How is Porsche doing financially?
The company has increased sales and profits for at least three consecutive years, and in 2021 generated more than 30 billion euros in sales and more than 5 billion euros in operating profit (EBIT). The company has seen steady revenue growth with a rising operating margin, which is also well above that of competitors.
Porsche AG currently has six core models available. These include the 718 and 911 sports cars, the Taycan electric sports car, the Panamera luxury car and the Macan and Cayenne SUVs.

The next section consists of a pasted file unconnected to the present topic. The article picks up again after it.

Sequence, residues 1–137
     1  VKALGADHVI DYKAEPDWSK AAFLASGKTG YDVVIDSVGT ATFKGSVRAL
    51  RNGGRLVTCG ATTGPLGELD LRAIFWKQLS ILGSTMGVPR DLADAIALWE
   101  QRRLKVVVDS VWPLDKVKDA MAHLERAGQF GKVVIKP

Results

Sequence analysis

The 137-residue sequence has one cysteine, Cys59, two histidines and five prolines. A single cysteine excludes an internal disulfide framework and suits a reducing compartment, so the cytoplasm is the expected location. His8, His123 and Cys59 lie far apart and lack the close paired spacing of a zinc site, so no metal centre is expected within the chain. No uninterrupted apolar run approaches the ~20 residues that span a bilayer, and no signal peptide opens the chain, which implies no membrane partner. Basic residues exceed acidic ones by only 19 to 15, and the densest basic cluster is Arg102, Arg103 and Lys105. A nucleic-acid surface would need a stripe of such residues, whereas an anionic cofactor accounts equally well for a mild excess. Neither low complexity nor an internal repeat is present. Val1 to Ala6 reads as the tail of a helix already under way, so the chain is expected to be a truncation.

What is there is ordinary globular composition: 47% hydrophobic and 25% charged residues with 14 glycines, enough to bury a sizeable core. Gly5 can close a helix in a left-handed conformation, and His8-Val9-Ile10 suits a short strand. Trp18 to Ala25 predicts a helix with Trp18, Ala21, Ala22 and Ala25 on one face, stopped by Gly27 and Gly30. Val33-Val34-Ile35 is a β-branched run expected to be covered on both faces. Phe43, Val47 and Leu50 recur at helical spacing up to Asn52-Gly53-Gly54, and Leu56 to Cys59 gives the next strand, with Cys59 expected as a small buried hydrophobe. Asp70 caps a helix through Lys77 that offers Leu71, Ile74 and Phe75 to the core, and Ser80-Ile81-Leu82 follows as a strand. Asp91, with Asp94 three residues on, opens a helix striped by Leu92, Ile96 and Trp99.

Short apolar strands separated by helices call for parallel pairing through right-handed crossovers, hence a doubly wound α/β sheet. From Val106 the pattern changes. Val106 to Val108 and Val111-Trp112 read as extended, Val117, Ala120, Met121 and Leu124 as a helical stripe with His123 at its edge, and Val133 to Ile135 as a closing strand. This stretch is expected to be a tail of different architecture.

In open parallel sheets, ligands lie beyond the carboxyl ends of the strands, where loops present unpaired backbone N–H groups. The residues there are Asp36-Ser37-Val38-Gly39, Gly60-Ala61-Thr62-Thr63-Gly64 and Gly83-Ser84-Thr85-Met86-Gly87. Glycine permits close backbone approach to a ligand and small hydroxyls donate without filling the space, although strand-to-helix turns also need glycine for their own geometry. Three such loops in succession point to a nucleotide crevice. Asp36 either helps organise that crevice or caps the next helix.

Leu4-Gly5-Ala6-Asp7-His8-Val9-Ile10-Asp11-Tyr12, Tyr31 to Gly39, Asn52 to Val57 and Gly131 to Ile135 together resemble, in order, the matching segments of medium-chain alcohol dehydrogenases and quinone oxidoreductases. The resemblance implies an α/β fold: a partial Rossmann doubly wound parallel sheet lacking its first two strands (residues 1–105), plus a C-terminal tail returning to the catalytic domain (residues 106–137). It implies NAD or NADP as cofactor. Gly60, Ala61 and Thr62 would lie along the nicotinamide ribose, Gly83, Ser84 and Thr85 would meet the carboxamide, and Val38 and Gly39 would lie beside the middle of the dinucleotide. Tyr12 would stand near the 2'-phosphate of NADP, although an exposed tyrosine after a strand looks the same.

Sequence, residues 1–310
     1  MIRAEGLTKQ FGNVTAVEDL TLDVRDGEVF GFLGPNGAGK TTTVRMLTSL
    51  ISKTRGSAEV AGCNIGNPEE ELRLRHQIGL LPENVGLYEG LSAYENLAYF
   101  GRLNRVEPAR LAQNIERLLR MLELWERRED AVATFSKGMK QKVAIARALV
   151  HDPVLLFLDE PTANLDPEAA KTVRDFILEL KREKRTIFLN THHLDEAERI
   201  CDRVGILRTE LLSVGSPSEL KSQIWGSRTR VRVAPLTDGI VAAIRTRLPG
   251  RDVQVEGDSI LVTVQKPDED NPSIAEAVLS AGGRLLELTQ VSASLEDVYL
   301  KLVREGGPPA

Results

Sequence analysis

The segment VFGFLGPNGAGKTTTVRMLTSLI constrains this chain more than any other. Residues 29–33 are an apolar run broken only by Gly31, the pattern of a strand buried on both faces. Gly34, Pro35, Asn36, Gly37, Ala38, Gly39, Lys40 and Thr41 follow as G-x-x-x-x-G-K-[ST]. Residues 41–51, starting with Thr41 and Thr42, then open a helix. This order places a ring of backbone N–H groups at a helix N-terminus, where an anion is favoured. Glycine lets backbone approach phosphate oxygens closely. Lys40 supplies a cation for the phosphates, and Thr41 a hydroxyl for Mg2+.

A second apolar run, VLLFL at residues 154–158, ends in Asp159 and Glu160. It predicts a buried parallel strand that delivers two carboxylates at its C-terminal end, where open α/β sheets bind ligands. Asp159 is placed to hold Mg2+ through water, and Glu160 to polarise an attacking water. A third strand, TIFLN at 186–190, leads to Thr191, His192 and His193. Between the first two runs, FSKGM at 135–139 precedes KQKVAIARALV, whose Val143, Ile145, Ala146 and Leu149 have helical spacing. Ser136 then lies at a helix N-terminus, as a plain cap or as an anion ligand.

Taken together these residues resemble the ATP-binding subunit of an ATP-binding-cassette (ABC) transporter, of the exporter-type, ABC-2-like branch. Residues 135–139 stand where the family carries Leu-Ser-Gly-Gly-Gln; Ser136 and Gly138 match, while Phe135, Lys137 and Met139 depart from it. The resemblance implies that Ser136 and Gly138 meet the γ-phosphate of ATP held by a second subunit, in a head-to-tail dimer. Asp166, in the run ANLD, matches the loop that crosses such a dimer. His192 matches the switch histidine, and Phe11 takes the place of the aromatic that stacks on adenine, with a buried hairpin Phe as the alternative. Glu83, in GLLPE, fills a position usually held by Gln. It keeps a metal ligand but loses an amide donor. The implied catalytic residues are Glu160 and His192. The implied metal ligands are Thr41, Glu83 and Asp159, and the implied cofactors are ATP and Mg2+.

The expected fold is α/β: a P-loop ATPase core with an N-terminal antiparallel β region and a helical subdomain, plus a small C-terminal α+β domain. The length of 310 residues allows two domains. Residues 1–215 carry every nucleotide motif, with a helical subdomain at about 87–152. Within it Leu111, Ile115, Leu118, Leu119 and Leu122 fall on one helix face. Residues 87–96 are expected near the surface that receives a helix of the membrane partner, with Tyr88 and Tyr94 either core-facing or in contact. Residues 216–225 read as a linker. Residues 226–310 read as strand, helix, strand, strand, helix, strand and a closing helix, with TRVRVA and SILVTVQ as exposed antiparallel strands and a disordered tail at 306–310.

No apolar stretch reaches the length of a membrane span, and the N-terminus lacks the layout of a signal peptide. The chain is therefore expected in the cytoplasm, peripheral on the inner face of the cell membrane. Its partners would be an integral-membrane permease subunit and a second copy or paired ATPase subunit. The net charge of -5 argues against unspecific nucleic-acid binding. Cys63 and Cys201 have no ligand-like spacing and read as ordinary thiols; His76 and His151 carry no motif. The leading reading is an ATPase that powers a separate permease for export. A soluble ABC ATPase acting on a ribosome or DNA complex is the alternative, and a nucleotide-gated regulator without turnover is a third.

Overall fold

The company has seen steady production growth. In 2021, Porsche delivered more than 300,000 vehicles, a new record for the company, following a steady increase in production in recent years.
Porsche AG’s valuation appears attractive against its peers, especially when compared to Ferrari. The company has seen year-on-year growth in sales revenue and operating profit margin, which is no small achievement in the face of a challenging market environment.
A potential risk factor could be the valuation, which, representing almost 80% of the valuation of Volkswagen as a whole, seems excessive. The premium sports car segment, in which Porsche AG is well established, seems to be relatively immune to the effects of the economic downturn and rising inflation, so the company’s shares may have upside potential in the long term.
They will be available on XTB’s offering on IPO day.